Student Spotlight: Nneka Iroha

Nneka+Iroha+converses+with+her+cousin%2C+junior+Ogechi+Nwaopara.

Nneka Iroha converses with her cousin, junior Ogechi Nwaopara.

Nneka Iroha converses with her cousin, junior Ogechi Nwaopara.
Nneka Iroha (right) converses with her cousin, junior Ogechi Nwaopara.

For many families, cultural traditions died out generations ago and aren’t a part of everyday home life. However, for Nigerian senior Nneka Iroha, that is not the case.

“We constantly have Nigerian music playing,” said Iroha, “whether it’s in the car, at home, or at parties. My culture is a big party culture because we celebrate literally everything so there is always something going on.”

Iroha’s parents left Nigeria in the 1980s in order to pursue an American education. Some of her family still lives there, including her great grandmother, whom Iroha saw on a visit to Nigeria.

“It’s pretty cool so see my family there, especially my great grandmother,” said Iroha. “She speaks no English but is determined to have conversations with everyone.”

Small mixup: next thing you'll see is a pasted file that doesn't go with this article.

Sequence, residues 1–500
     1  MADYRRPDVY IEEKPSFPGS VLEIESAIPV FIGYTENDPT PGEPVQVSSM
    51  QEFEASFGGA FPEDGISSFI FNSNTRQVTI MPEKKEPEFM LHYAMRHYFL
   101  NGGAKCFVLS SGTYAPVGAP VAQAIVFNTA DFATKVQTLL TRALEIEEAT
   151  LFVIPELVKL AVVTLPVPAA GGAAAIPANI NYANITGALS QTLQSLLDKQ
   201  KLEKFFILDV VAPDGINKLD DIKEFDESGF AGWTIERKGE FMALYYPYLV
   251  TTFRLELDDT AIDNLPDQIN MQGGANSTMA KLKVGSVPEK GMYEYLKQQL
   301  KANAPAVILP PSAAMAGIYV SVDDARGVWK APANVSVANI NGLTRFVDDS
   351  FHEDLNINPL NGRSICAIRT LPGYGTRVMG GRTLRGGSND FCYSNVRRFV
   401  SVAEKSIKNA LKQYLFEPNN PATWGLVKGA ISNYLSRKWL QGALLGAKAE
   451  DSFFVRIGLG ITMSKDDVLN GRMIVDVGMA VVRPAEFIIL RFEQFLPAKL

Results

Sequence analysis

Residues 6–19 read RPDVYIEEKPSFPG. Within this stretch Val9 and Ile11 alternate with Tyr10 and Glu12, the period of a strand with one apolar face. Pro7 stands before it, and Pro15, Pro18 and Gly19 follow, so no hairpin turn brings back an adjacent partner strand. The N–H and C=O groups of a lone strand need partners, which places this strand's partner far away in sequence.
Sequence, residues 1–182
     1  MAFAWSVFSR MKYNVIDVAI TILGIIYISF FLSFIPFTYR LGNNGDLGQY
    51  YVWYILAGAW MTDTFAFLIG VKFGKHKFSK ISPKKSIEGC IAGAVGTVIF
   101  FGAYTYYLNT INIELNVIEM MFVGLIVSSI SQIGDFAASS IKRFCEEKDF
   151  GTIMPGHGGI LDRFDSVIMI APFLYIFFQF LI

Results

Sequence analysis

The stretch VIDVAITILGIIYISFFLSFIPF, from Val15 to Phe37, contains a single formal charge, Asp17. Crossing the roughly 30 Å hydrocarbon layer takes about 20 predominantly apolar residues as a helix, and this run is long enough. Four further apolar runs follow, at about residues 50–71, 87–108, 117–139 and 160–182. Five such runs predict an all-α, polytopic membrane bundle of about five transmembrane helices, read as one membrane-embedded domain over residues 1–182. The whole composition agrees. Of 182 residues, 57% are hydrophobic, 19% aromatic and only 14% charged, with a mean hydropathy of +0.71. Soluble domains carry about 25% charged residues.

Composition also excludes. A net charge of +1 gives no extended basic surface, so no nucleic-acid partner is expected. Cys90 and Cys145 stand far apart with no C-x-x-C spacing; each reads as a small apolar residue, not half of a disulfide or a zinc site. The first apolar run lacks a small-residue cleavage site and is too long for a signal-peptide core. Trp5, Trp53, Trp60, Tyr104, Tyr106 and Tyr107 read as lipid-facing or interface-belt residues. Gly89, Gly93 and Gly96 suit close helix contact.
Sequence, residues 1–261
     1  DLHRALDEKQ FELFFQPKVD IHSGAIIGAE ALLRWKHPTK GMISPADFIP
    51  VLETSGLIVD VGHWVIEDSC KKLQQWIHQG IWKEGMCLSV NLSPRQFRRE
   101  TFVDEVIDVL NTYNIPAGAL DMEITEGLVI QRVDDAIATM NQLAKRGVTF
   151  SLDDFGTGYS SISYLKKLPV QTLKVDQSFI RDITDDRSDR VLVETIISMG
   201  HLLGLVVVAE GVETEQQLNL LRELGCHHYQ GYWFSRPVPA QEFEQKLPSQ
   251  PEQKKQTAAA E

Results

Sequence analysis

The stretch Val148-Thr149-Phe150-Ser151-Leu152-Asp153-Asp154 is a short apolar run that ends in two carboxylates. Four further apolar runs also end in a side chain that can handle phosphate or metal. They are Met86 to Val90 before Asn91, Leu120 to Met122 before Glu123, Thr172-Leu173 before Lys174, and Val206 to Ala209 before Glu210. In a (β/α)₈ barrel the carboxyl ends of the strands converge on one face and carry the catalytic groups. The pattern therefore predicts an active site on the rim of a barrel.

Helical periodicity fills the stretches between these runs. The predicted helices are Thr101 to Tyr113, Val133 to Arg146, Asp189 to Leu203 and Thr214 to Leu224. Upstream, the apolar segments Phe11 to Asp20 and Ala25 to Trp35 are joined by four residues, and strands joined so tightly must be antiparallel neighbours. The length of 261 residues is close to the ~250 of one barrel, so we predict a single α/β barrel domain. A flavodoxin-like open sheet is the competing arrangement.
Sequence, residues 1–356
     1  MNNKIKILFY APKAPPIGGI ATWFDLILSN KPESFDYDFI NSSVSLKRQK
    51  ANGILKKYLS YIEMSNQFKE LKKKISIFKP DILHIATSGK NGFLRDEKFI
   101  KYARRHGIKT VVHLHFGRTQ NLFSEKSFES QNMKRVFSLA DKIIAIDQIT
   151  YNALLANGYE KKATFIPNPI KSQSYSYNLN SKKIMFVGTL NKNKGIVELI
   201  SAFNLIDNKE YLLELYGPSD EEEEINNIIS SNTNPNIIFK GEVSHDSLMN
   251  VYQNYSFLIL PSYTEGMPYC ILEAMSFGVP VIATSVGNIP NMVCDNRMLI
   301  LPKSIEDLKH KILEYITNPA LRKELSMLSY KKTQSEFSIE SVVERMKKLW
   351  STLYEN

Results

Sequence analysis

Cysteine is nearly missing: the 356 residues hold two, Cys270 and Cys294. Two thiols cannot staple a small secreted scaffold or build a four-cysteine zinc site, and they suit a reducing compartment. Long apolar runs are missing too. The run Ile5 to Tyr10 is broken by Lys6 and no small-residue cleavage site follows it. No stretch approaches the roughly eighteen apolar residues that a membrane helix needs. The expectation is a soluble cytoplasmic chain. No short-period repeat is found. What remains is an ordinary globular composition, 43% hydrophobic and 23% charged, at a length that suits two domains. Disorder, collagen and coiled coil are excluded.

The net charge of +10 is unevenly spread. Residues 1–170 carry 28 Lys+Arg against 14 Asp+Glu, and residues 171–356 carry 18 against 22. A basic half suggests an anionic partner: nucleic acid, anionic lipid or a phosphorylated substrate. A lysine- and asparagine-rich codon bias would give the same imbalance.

Closer to home, Iroha has three cousins who also attend Mercy.

“All of them are juniors,” said Iroha. “I am really close to my cousins. We do almost everything together. I practically live in their house because we live less than five minutes
from each other.”

At home, Iroha’s family keeps their culture alive through language.

“At my house my parents speak Igbo and pigeon English,” said Iroha. “My grandmother speaks Yoruba and Igbo to us a lot, even though she knows English just fine. I don’t speak the languages but I can translate ok.”

Her passion for cultural food is definitely one thing that every Mercy girl can relate to.

“The food is always amazing because everything is fresh. I could eat for days. I can’t stress the food enough.”